Tag Archives: Sipekne’katik First Nation

UFCA President Says Important Days Coming In Court

The group representing 2,000 commercial fishing stakeholders in Nova Scotia and New Brunswick have been granted intervener status in several Indigenous court cases. The latest came in December in a notice of application brought forward by the Sipekne’katik First Nation to the Supreme Court of Canada. The band’s application is against the federal government, challenging their regulation and enforcement of Indigenous fisheries. UFCA President Colin Sproul says these are the most vital court cases since the Marshall Decision. He says the UFCA’s goal is to have one set of rules for all fishers, within established seasons, and they are committed to a peaceful solution with all parties involved. >click to read< More UFCA >click< 14:26

Nova Scotia: Prosecutors add charges for 25 in lobster pound riot

Prosecutors have added more charges against 25 people accused of entering and ransacking a Nova Scotia lobster pound at the centre of a dispute about an Indigenous self-regulated fishery. Crown lawyer Robert Kennedy, however, said in an interview Tuesday the prosecution is willing to discuss “resolutions” for “at least some” of the accused, which would avoid further court proceedings. In January 2021, the RCMP announced that 23 people were facing a charge of break and enter, with eight also charged with mischief, for their roles in the Oct. 14, 2020, incident at the facility in Middle West Pubnico, N.S. >click to read< 14:55

UFCA Granted Intervenor Status In Sipekne’katik Court Case

The Unified Fisheries Conservation Alliance has been granted intervenor status in another court case involving indigenous fisheries. They will be part of the Notice of Application brought by the Sipekne’katik First Nation against the Attorney General of Canada to challenge the regulation and enforcement of Indigenous fishing activities. UFCA President Colin Sproul discusses why it’s important for them to be involved. >click to read< 09:12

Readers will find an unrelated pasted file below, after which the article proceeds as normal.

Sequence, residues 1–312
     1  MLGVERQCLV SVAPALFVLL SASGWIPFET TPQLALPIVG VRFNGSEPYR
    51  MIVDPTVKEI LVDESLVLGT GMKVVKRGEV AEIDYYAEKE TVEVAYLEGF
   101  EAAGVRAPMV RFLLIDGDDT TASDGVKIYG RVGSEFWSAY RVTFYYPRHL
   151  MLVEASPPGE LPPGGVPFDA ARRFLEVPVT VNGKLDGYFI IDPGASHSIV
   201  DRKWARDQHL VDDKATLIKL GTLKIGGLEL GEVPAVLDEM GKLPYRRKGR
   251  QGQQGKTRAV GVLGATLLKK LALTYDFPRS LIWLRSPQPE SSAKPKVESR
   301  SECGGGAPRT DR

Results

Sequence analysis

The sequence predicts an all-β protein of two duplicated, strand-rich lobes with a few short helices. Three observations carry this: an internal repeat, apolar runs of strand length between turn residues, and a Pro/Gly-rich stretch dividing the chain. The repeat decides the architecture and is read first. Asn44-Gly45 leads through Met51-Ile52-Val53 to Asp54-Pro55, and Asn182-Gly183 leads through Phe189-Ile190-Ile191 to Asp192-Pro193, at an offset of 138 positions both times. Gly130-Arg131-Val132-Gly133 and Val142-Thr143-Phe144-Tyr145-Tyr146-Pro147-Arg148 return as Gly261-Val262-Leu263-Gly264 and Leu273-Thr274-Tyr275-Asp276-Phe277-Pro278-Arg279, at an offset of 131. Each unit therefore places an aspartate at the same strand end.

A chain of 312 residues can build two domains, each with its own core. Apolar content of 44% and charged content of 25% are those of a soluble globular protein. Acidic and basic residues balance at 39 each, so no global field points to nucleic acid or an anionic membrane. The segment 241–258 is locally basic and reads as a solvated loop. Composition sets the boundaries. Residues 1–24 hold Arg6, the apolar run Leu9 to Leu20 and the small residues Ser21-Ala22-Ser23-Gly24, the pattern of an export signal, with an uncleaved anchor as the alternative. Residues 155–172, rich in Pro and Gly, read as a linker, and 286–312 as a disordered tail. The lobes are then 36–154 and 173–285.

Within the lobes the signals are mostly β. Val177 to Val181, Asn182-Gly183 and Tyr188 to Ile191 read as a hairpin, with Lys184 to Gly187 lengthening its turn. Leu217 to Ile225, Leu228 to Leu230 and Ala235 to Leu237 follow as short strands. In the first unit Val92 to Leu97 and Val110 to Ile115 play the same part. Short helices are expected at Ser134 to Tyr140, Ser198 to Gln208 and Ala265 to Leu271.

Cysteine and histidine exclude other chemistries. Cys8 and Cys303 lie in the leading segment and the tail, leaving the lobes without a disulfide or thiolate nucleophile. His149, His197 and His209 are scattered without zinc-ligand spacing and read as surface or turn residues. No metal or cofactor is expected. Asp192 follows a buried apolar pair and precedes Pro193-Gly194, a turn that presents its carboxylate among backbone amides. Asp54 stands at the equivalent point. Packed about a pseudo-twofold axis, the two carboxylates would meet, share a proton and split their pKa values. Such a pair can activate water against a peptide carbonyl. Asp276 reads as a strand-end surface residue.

Sipekne’katik fisherman’s protest dumping of lobster ‘not acceptable,’ chief says

A Sipekne’katik First Nation fisherman who appears in a video showing him dumping crates of banded lobsters into Digby harbour has been rebuked by the band’s chief. In the video, Robert Syliboy objects to a new Department of Fisheries and Oceans (DFO) compliance measure that marks the tail fins of lobster with a paper hole puncher. The hole punch aims to identify lobsters harvested under Indigenous food, social and ceremonial (FSC) licenses in St Mary’s Bay. The conditions of those licenses prevent the sale of the catch. In the video, Syliboy says DFO is harming the lobsters by punching holes in their tail fins. >click to read< 07:39

Sipekne’katik chief ‘optimistic’ about newly appointed fisheries minister

The chief of Sipekne’katik First Nation in Nova Scotia says he’s looking forward to a clean slate with the newly appointed fisheries minister. MP Joyce Murray, who represents Vancouver Quadra, was named minister of fisheries and oceans when Justin Trudeau unveiled his new cabinet Tuesday.,, Mike Sack said since the federal election, he has been “waiting patiently” for Trudeau to name a new minister. He adds he plans to reach out to Murray soon for a one-on-one chat. >click to read< 10:33

A year ago violence erupted in the lobster fishery, “moderate livelihood” fishery status unresolved

One year ago, confrontation and violence upended the normally business-like commercial lobster season in St. Mary’s Bay and Lobster Fishing Area 35 in southwest Nova Scotia. Tensions between Indigenous and non-Indigenous fishermen in the bay had erupted in several dangerous boat-ramming incidents.,, But a full year later, as the wheels of justice turn ever so slowly, none of those charged have entered a plea. Before we examine how that happened, it’s worth noting some updates in the troubled fishery. >click to read< 10:07

The body of a missing fisherman was found off Yarmouth